I read with interest Deborah Skolnik's article, "Bully Backlash" in Parenting Magazine (March 2013), as I have not previously encountered an anti-anti-bullying article. Perhaps the fact that such a position is atypical these days makes it newsworthy, but I was disturbed by an almost a shrugging tone about bullying (akin to "kids will be kids"), and the quoting one book author's stance on peer conflict as "normal, natural and sometimes necessary." I feel compelled to respond with my disappointment in Parenting Magazine for publishing an article that is essentially advising people to back off (at least to some extent) on anti-bullying efforts when we are just beginning as a nation to make progress on this front. Upon finishing the article, I was left wondering if Ms. Skolnik was just trying to be controversial by playing devil's advocate, or if she was at least partially identifying with her former aggressors.

Notably, the article fails to bring out the most salient point in the whole issue of bullying and anti-bullying. An informed and astute article would simply encourage people to not label children as "bullies" but rather to focus on and describe the offensive or negative behavior of kids as "bullying," "unacceptable," "inappropriate," "poorly chosen," "bucket-dipping," or some such adjectives. Label the behavior, not the child.

While I am sympathetic to Ms. Skolnik as a victim of bullying, she is not an authority on the subject, and her argument that "leading voices" are issuing vague cautionary sentiments about anti-bullying efforts are thoroughly unconvincing to the critically thinking reader. Where's the data? What "backlash"? Ms. Skolnik claims that 2013 will usher in a change or reversal in the tide of the anti-bullying movement. Based on what? Perhaps a small minority's hope that their child who bullies others will be let off the hook? Let it not be so, neither for those who are doing the bullying and those who are on the receiving end.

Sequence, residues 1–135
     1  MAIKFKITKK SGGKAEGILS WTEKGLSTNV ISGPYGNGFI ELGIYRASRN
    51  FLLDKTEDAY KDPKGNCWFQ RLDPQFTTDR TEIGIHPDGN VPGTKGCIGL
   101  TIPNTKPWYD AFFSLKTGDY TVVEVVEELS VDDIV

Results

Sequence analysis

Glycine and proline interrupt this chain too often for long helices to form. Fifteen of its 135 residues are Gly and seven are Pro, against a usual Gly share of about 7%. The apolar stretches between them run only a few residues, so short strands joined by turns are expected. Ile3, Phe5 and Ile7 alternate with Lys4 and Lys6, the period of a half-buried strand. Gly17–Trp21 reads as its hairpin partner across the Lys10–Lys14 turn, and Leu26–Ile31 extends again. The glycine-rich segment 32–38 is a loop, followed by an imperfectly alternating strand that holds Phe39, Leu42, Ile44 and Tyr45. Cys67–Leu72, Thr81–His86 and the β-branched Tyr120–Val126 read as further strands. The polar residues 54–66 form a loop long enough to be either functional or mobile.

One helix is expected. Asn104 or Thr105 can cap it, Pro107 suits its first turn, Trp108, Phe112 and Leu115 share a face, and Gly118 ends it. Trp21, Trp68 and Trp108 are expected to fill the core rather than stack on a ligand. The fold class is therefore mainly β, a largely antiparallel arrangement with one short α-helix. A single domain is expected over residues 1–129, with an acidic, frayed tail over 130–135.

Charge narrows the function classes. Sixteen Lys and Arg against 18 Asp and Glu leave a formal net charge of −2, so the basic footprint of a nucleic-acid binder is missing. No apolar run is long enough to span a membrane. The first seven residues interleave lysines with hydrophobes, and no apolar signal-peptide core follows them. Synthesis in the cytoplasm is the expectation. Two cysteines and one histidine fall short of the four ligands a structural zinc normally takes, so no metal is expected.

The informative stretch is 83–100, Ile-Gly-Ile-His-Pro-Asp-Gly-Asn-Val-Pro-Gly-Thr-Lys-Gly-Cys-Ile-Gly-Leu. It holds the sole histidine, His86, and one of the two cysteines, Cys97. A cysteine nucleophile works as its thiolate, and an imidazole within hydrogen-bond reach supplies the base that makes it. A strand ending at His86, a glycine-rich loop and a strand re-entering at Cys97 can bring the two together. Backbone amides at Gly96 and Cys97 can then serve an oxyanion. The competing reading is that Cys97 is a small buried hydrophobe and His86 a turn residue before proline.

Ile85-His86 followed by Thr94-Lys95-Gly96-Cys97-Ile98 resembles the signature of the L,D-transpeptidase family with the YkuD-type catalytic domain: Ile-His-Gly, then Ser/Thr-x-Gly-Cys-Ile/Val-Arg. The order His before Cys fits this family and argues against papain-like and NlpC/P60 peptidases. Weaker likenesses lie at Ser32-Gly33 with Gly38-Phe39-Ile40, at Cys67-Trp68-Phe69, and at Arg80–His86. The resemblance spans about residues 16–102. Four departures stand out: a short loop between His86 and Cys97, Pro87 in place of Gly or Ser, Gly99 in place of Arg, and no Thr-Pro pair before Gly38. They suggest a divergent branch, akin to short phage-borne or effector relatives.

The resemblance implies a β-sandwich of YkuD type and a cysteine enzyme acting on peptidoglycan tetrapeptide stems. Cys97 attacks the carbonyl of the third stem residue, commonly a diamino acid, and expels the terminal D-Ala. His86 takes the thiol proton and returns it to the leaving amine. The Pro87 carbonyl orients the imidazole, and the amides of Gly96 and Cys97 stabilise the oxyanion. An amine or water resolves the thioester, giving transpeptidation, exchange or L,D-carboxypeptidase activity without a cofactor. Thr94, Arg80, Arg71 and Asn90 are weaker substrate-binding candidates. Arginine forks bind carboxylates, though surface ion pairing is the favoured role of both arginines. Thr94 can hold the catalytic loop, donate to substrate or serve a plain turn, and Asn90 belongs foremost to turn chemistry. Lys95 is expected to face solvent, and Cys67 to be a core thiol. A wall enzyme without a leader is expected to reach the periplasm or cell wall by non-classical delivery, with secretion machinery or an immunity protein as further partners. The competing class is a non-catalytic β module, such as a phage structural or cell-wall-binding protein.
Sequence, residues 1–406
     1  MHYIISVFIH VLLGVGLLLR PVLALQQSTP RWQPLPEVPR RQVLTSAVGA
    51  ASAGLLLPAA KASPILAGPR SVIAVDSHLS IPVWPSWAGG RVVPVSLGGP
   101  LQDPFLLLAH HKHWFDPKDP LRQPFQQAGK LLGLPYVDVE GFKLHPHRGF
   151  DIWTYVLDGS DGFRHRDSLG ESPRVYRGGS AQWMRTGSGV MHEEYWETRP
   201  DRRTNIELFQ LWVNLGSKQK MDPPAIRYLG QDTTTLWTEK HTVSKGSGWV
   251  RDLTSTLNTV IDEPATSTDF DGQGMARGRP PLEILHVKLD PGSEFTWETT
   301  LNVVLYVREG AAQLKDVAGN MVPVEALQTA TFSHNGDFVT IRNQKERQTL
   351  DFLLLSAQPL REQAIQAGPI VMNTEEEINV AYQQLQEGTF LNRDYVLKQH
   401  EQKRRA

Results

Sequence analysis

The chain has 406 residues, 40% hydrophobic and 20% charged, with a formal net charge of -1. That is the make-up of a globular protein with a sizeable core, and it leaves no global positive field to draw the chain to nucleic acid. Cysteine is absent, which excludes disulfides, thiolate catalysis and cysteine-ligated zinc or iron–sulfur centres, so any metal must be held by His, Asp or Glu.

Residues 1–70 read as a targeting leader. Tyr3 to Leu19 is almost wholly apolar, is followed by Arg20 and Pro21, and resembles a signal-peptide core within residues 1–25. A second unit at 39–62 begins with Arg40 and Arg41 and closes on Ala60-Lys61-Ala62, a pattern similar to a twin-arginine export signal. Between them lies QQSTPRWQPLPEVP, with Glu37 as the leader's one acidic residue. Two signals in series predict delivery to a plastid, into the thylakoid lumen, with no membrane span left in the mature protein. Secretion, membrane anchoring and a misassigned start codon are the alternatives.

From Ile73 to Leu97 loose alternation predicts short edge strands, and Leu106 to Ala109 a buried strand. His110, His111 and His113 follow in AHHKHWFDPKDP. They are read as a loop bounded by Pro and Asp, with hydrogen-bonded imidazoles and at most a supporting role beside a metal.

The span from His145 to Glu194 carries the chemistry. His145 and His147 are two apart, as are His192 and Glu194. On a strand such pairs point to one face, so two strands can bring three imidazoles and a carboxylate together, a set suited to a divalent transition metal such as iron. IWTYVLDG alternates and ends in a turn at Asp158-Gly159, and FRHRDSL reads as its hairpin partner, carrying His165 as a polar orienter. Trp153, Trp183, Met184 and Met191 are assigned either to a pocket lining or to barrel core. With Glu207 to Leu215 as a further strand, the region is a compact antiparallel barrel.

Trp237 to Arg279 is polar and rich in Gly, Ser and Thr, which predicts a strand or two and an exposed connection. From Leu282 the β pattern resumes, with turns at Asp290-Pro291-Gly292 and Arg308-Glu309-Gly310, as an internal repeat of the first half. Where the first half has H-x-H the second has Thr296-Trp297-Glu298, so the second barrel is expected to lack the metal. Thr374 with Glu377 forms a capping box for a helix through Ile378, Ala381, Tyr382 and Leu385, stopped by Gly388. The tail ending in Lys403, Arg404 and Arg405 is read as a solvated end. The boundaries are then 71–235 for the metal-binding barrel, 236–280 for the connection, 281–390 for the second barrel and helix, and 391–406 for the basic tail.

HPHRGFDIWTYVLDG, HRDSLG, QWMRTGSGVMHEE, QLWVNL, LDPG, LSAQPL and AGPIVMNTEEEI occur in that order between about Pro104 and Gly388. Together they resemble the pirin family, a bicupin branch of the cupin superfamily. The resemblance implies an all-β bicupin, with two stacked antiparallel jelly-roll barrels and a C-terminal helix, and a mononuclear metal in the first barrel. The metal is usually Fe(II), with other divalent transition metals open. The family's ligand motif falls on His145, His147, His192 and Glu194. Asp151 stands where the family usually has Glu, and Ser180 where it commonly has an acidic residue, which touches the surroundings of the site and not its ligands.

We have come a long way since the days when kids were left to their own nascent devices to "work it out." Yes, character development should be part of an anti-bullying program, which is the one merit of Ms. Skolnik's article. We need to guide our children who continue to develop their capacity for social judgment (within both positive and negative scenarios) until they are adults. Just because Ms. Skolnik was able to point to a few isolated anecdotes of overreactions with regard to anti-bullying efforts does not justify a backlash. This is no time to regress to the bad ol' days. Just label the behavior, not the person, and emphasize character development alongside anti-bulling programs in moving forward.

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